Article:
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The NLRB’s Latest Decision on the Joint-Employer Standard Signals Increased Complications for Companies That Use Temporary and Subcontract Workers

December 1, 2015

By Candace D. Embry, Esq.*


Key Points

  • Use of temporary or contract workers has increased in workplaces nationwide.
  • Contractual agreements that name the supplying organization as sole employer of temporary workers may not be sufficient to insulate employers from liability to temporary workers.
  • In Browning-Ferris Industries (BFI) of California, the NLRB returns to a broad interpretation of “joint employer,” subjecting unsuspecting employers to potential liability for temporary workers.


On August 27, 2015, the National Labor Relations Board announced a decision that will primarily impact companies and organizations that outsource temporary or contract workers when it revised the standard used to determine joint-employer status under the National Labor Relations Act (NLRA). Under this revised standard, the NLRB may find that “two or more statutory employers are joint employers of the same statutory employees ‘if they share or codetermine those matters governing the essential terms and conditions of employment.’”

While this decision is ultimately a restatement of the NLRB’s prior rule on joint employer status, the major change arises from the fact that the Board will no longer require that a putative joint employer both possess and exercise the power to control an employee’s terms and conditions of employment. Rather, this decision permits a joint-employer determination where a putative joint employer possesses that authority, even when it does not exercise that authority. The NLRB interpreted this restatement as necessary in light of the changing landscape of the American workforce and as a preservation of the Board’s long-standing view regarding joint-employer status, which had become muddled following decades of inconsistencies and narrower interpretations than initially intended.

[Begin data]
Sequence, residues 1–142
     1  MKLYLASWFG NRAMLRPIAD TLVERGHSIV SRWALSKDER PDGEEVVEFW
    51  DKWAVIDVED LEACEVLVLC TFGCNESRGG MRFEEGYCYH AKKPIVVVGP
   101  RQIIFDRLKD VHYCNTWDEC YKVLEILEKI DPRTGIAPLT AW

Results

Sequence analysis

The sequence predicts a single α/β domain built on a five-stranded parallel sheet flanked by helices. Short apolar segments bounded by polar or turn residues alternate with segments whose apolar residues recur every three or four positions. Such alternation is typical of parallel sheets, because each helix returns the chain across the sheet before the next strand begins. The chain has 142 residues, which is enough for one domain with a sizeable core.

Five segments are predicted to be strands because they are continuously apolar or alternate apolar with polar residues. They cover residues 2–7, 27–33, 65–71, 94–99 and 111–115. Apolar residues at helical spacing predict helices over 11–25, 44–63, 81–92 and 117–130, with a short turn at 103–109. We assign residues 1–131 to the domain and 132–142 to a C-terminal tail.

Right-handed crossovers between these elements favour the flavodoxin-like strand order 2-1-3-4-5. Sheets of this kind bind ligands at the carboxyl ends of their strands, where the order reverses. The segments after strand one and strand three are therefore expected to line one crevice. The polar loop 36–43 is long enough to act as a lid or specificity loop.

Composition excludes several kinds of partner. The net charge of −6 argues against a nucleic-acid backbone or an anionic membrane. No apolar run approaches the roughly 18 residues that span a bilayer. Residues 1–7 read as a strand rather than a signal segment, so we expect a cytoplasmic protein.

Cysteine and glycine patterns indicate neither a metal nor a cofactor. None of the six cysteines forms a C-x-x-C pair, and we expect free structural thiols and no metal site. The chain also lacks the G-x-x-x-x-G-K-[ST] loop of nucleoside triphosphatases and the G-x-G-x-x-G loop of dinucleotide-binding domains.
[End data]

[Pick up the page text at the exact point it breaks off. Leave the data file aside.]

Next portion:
Dating back to 1965, the NLRB and the courts used this “share or co-determine” formulation to decide in many cases that control over a worker’s terms of employment, whether or not that control was exercised, was indicia of a joint-employer relationship. Over the last 30 years, however, the Board has introduced additional requirements that have collectively narrowed the joint-employer standard—focusing its attention on whether that control was actually exercised and requiring that the control be direct, immediate, and not “limited and routine.” Using this restrictive approach, the Board has determined that a joint-employer relationship did not exist even in some cases where the contract between two parties expressly provided the putative employer with the power to dictate the terms and conditions of a worker’s employment.

As this standard continued to narrow, the use of workers through staffing or subcontracting agencies increased dramatically. In its decision, the NLRB cited statistics noting that workers employed through temporary staffing agencies now make up two percent of the nation’s workforce. Temporary workers are also now used in a larger variety of occupations, and the employment services industry is expected to become one of the largest and fastest growing industries over the next eight years. With this in mind, the Board considered that an ever-narrowing approach to defining joint employers risked failing the Board’s responsibility of adapting the NLRA to the “changing patterns of industrial life.”